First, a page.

The paradox of Brexiters’ economic analysis

The most striking thing of all, though, is the way in which they do so. A few – a very few – Brexiters are quite open in saying that they are advocating and pursuing a policy which will cause considerable economic damage, but judge it to be worthwhile, normally on grounds of sovereignty. A much larger number of Brexiters – and no small number of bien-pensant remainers – chide the remain cause and especially its referendum campaign for over-focussing on economics and on dry analysis, thus misunderstanding what motivated leave voters. Yet, in fact, most Brexiters are at pains to try to make, precisely, economic arguments for what they are doing. Indeed, Duncan Smith’s article is replete with such arguments.

So too was a recent piece in the Daily Express by Jacob Rees-Mogg, claiming Brexit would bring about a leap in prosperity. Just as Brexiters always turn to the same tiny minority of business leaders, so too do they look to a similarly small group of economists. In the case of the Rees-Mogg article it won’t be a surprise to learn that, yet again, Patrick Minford and the Economists for Free Trade (EFT, formerly called Economists for Brexit) are cited for the evidence (as they are in Duncan Smith’s piece).

This time it was their recent ‘Budget for Brexit’ report, which had already been comprehensively taken to pieces by trade expert Frances Coppola, whilst former Chief Economist at the Cabinet Office, Jonathan Portes, tweeted that it “contained fantasy numbers” and was “an insult to the intelligence of its readers” (this, interestingly, in relation to a specific claim about the small size of the auto industry, which is apparently the Brexiter meme de jour).

None of this should be a surprise: the underlying basis of the EFT’s analysis of Brexit has been discredited over and over again (see a previous post for links to several examples). Moreover, whilst Rees-Mogg correctly acknowledges that Minford’s is a minority view he is surely wrong to say it should be given attention because of his “remarkable record” of successful forecasting, as – to take one of many examples - this chart from Chris Giles, Economics Editor of the FT, shows.

Of course, no matter how often this is pointed out and whoever does so it will make no difference. But it reveals again the fact that the Brexiter case is very much based on economics and that they are more than happy – indeed seek – to bolster that case by appealing to expert authority. Contrary to what seems to be the received wisdom on all sides of the debate, the question of whether Brexit will or will not make people worse off is still a key battleground. One of the achievements of the Brexiters is to continue to fight on that ground whilst, paradoxically, arguing with some success that it is not the ground that actually matters.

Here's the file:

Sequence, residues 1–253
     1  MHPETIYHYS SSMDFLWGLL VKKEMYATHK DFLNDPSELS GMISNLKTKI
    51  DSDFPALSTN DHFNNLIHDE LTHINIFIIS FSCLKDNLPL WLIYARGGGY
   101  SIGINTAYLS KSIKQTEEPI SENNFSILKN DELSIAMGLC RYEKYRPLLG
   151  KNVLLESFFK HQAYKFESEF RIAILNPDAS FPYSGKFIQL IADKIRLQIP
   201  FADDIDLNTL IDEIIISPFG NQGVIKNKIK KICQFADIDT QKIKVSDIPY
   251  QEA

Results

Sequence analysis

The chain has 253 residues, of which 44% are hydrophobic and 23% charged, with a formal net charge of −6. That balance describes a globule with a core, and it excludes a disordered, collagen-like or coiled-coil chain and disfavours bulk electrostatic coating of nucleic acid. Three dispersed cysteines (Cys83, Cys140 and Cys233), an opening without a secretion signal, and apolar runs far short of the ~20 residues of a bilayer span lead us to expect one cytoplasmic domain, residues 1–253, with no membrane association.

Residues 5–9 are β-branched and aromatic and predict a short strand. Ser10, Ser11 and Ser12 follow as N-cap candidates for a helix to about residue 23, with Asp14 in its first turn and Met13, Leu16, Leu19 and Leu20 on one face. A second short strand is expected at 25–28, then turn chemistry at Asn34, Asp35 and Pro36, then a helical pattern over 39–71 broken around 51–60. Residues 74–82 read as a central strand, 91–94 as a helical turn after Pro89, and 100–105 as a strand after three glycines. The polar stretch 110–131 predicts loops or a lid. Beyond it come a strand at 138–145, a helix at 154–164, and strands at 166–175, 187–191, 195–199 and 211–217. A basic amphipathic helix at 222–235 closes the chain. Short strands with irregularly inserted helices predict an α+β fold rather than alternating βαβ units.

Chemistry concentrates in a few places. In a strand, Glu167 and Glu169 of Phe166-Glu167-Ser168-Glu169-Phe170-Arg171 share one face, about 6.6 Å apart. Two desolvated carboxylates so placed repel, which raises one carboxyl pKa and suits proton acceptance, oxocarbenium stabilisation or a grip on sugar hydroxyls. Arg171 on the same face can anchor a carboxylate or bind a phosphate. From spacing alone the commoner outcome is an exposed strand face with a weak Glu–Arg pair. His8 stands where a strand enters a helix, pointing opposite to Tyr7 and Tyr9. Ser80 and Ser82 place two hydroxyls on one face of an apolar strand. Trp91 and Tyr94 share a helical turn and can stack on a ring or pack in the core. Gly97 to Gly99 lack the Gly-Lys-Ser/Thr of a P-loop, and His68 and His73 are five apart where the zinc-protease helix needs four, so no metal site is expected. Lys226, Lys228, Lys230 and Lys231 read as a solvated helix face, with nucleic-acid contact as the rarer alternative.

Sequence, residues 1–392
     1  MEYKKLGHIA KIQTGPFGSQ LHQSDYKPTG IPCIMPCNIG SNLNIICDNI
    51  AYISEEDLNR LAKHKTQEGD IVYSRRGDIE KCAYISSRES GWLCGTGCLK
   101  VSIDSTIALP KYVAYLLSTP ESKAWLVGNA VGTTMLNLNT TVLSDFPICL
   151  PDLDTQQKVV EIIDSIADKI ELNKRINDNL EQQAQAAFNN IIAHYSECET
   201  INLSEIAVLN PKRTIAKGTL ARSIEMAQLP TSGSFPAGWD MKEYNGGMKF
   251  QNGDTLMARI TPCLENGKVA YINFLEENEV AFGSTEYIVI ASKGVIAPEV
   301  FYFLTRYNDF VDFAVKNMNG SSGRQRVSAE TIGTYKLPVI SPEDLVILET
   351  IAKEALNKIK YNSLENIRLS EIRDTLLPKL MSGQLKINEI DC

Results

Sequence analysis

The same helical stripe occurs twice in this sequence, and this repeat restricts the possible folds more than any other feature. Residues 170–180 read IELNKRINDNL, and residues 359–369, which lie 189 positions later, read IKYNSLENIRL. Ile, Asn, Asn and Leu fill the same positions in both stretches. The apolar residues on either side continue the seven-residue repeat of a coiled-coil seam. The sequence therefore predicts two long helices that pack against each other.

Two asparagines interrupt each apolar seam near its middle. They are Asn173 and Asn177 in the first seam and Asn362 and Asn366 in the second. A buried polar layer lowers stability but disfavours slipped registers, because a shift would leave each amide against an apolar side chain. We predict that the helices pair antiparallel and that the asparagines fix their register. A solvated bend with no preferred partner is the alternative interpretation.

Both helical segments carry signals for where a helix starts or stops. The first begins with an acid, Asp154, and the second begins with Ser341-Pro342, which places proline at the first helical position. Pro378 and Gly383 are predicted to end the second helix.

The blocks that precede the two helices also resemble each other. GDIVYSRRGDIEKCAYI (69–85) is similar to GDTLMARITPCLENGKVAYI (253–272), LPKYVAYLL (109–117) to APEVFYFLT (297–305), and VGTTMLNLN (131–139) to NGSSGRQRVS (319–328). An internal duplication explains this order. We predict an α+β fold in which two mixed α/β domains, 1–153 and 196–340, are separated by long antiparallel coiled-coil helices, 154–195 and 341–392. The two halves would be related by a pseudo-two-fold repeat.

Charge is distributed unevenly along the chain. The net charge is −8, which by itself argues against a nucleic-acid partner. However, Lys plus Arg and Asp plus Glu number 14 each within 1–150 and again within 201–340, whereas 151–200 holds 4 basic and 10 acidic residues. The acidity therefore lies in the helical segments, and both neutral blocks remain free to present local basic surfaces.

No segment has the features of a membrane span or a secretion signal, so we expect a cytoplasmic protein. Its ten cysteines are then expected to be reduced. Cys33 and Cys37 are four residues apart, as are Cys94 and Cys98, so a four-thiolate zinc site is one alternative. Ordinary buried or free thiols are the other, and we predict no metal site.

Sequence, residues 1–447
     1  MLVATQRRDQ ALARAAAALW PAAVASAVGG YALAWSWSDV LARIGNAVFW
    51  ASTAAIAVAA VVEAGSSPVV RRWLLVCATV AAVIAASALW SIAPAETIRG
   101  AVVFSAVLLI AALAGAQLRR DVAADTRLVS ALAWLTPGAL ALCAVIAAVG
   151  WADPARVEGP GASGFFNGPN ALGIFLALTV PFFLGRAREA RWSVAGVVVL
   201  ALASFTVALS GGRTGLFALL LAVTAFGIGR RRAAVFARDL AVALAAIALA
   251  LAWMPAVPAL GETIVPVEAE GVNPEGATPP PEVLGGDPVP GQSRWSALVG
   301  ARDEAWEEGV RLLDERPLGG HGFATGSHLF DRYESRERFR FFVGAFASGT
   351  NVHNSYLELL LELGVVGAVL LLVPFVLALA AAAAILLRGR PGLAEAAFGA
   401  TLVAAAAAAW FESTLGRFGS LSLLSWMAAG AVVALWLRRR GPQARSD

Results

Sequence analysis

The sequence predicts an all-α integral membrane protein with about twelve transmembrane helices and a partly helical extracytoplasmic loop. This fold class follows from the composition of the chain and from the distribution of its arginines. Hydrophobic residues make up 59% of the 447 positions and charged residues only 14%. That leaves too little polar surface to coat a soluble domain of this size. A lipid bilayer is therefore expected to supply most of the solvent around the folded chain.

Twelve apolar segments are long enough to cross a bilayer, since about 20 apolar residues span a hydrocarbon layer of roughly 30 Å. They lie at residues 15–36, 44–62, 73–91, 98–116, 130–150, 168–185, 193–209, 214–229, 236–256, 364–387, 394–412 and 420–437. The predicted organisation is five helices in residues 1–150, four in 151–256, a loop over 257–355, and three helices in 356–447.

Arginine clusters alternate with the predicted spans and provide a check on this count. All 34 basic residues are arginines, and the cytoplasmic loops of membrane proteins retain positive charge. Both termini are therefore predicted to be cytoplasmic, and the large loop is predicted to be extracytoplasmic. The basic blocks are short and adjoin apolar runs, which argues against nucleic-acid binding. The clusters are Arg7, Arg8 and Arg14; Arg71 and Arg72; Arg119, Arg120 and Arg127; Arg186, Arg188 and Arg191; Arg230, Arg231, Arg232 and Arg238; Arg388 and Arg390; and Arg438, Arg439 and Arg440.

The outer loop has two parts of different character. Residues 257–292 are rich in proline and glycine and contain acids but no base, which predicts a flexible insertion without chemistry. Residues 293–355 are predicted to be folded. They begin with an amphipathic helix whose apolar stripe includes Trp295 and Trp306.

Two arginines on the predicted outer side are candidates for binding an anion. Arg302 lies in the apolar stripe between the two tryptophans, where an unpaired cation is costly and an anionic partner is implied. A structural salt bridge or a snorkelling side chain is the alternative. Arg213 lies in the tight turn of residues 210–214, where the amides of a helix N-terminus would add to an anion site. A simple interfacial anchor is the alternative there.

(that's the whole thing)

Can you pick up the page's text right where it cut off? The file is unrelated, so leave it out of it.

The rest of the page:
The enduring importance of economics

Yet it is clear that the reason both remain and leave advocates continue to discuss Brexit in economic terms is because it is a key dividing line amongst remain and leave voters. Polling evidence shows that some 56% of leave supporters (compared with 6% of remainers) think the economy will be better as a result of Brexit, whilst 69% of remainers (12% of leavers) think it will be worse as a result. It’s not at all clear where the cause and effect lie here (i.e. if people’s views of the economic impact explain their position on Brexit or vice versa), but it does suggest that economics – or perhaps more accurately people’s jobs, standard of living, taxes and public services – has not ceased to matter.

And we are no longer in the territory of forecasts. The latest (30 September) assessment by the Centre for European Reform’s Deputy Director John Springford is that the UK economy is 2.5% smaller than it would be had the vote been to remain in the EU, with a knock on effect of £26billion on public finances. The test of whether or not these and other economic effects of Brexit matter to voters is this: do Brexit advocates say that they do not matter? Or do they deny that the effects are happening and/or say that they are nothing to do with Brexit? The answer, almost invariably, is the latter.